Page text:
Malcolm looked up from his desk. He looked at the cup of coffee that sat on the corner of his desk; a film had started to form, and he stirred it with his pen before picking it up. “What?” He knew it was unprofessional to shout across the office, but Chantelle had been getting on his nerves all day. All week, if truth be told. How anyone so young could rise to office manager was beyond him. He probably had more years experience than she had, well, years. If his manager was going to shout out of her office to him, he was going to shout back.
“Could you come in here for a moment?”
Malcolm took a sip of his coffee before standing up. It was stone cold, and he spat it out into the bin beneath his desk. Why he thought it would be anything other after he had just stirred a film from the top of his drink baffled him, but it was just typical. All he needed now was a telling off from some peroxide blonde that was young enough to be his daughter. He let his office chair spin as he walked away from his desk. If she was going to hit him with some bullshit problem, something that he had forgotten to do, or some more made up crap about his work ethic, he was ready to tell Chantelle what she could do with her job, and it might require her to use some lubrication. He didn’t need this job. Well, he did, but he didn’t need a telling off from someone that applied fake tan before she brushed her teeth in the morning. He padded across the office and knocked twice on his manager’s open door before stepping inside.
“Malcolm, look at this,” she said, holding out a single sheet of copier paper. There appeared to be some numbers down one side and part of a graph. The heading marked it as belonging to the Entec account. There were several large black smears running down the centre of the report.
Malcolm took the offered sheet of paper and held it out in front of him. He turned the page on its side and squinted at it. “It looks like the projections for next year’s Entec account.” He turned the page again and held it up to the light. “It’s kinda hard to tell with the smudges.” He handed the paper back.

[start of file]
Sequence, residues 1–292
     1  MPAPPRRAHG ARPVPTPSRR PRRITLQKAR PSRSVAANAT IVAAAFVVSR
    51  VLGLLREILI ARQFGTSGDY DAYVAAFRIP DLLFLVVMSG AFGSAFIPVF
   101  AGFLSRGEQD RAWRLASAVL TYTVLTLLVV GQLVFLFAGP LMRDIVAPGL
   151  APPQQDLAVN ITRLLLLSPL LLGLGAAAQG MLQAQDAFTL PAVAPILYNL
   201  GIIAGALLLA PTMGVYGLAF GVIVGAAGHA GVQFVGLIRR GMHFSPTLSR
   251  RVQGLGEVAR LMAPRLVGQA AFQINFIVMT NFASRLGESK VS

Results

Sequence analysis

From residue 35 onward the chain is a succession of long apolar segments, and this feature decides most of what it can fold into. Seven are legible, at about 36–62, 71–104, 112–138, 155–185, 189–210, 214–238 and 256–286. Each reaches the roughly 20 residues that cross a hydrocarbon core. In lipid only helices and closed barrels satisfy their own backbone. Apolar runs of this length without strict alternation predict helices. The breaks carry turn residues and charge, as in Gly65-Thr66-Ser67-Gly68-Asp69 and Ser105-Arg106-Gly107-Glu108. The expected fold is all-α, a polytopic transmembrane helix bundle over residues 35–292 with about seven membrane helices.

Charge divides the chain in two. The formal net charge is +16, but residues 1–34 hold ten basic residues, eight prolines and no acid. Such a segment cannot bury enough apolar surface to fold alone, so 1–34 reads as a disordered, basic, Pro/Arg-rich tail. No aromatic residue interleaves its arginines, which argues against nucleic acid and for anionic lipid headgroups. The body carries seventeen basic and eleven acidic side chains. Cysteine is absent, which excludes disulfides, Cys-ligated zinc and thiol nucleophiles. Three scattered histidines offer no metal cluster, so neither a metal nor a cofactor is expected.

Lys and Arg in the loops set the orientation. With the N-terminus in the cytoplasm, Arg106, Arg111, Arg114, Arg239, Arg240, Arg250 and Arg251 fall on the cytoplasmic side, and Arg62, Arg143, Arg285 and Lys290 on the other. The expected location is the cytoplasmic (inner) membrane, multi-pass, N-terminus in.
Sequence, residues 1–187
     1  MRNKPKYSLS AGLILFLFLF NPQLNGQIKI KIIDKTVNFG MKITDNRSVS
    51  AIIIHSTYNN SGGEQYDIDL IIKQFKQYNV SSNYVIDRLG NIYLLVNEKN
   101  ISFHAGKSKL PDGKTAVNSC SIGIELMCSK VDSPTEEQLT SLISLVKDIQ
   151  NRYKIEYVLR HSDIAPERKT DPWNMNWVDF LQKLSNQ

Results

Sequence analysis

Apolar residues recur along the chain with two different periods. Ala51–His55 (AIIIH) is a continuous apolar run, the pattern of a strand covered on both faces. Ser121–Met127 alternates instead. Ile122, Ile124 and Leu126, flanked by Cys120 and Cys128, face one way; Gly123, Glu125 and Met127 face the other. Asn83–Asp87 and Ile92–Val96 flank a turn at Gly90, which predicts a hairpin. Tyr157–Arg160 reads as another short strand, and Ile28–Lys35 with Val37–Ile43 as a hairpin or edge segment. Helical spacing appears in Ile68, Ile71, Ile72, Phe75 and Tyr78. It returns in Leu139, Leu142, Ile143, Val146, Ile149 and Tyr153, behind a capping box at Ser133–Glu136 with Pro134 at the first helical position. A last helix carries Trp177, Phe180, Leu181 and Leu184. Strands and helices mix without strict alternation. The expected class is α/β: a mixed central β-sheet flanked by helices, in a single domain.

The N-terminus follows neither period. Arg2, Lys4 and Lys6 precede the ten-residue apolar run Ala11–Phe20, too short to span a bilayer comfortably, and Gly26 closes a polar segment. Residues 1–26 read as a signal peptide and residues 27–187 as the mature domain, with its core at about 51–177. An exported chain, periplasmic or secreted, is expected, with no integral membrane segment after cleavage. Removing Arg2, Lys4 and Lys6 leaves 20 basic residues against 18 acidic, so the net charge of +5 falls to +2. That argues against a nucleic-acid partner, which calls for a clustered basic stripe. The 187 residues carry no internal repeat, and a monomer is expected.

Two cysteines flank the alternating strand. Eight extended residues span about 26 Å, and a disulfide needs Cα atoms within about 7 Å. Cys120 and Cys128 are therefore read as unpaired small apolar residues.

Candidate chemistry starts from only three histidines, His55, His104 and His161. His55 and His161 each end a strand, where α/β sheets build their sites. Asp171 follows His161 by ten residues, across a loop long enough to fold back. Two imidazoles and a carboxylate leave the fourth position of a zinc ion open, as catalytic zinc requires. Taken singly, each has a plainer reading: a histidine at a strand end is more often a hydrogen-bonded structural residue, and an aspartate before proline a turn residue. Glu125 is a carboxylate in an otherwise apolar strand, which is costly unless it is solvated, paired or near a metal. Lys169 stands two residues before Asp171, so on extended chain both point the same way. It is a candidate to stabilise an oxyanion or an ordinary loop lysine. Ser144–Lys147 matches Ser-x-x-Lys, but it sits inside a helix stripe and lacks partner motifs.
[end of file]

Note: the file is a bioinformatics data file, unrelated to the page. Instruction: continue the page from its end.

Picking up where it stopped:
“Exactly.” Chantelle snatched the paper back and crumpled it into a ball, depositing it in the bin at her feet. “Gemma gave me this earlier. Copier’s broken.”
“Okay,” said Malcolm. How this was his problem, he had no clue. He was not the copier’s keeper.
“Do you think you can have a look for me?” Chantelle gave him a look that said that this really wasn’t a request.
“Why me? Can’t Gemma do it?” The last time he had opened up the copier he had managed to cover himself in black toner, destroying a shirt in the process. And shirts weren’t cheap.
“But you’re so good at it.” Chantelle inclined her head and batted her eyelashes.
Malcolm shuddered. Chantelle was not his type. If he wanted someone that put his nerves on edge when he spoke, then Chantelle was probably the one, otherwise, not so much. He couldn’t tell if she was being sarcastic or not, but suspected she wasn’t which was infinitely worse. He was old enough to be her grandfather. Father,he corrected himself. How could she even think batting her eyelids at him would help make his mind up? So, what? If he fixed the copier, she’d sleep with him? He had to admit that he didn’t know her well enough to answer that question, but he suspected the answer was no. Gemma, on the other hand, she was an entirely different prospect altogether. Not too you, not too old. As Goldilocks would have said, she was just right. Tall, slim-waisted with big tits. Not so big that they were out of proportion with the rest of her slender frame, just perfect. Not that he was shallow, they shared similar interests, and often spent time talking about films and books that they had seen or read. She genuinely seemed interested in his opinions, and that was as big a turn on to Malcolm as fantasising about having her by herself in the boiler room. Perhaps if he helped Gemma out, she would consent to going out to dinner with him. She wasn’t in a relationship, what would stand in their way?
“Okay. Just because you asked nicely. I’ll go take a look.” Once upon a time he had removed some jammed paper that had got caught in the rollers inside the machine. It had been a straightforward task to open the front of the ageing device, locate the offending piece of paper, then tear it out from between the rollers that had snagged it. It didn’t make him a NASA engineer, but if it got him a dinner date with Gemma, let them think that.
He closed the door as he left, and walked over to Gemma’s desk. She watched him as he approached.
“So what’s the deal with the copier?” Malcolm asked, leaning down to her. When she sat upright, he could just see a couple of centimetres below the waist of her skirt. She was wearing something black and lacey. He shivered again, this time for different reasons.
“It’s just printing those streaks when I try to copy somethi...